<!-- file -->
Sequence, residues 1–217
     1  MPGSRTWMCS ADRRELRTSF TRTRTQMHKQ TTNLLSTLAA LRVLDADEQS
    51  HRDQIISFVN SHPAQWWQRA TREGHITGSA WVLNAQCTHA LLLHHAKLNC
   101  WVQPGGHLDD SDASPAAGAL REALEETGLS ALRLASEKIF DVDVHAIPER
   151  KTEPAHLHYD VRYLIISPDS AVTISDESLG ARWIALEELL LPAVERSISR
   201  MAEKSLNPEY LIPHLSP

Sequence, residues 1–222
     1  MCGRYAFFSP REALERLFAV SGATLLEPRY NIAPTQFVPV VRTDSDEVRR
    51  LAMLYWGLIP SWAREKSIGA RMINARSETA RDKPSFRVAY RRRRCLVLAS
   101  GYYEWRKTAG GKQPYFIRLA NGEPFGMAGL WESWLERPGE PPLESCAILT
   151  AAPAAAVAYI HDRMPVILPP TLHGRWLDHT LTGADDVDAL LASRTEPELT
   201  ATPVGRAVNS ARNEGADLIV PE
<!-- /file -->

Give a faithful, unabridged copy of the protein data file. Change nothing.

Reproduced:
Sequence, residues 1–217
     1  MPGSRTWMCS ADRRELRTSF TRTRTQMHKQ TTNLLSTLAA LRVLDADEQS
    51  HRDQIISFVN SHPAQWWQRA TREGHITGSA WVLNAQCTHA LLLHHAKLNC
   101  WVQPGGHLDD SDASPAAGAL REALEETGLS ALRLASEKIF DVDVHAIPER
   151  KTEPAHLHYD VRYLIISPDS AVTISDESLG ARWIALEELL LPAVERSISR
   201  MAEKSLNPEY LIPHLSP

Sequence, residues 1–222
     1  MCGRYAFFSP REALERLFAV SGATLLEPRY NIAPTQFVPV VRTDSDEVRR
    51  LAMLYWGLIP SWAREKSIGA RMINARSETA RDKPSFRVAY RRRRCLVLAS
   101  GYYEWRKTAG GKQPYFIRLA NGEPFGMAGL WESWLERPGE PPLESCAILT
   151  AAPAAAVAYI HDRMPVILPP TLHGRWLDHT LTGADDVDAL LASRTEPELT
   201  ATPVGRAVNS ARNEGADLIV PE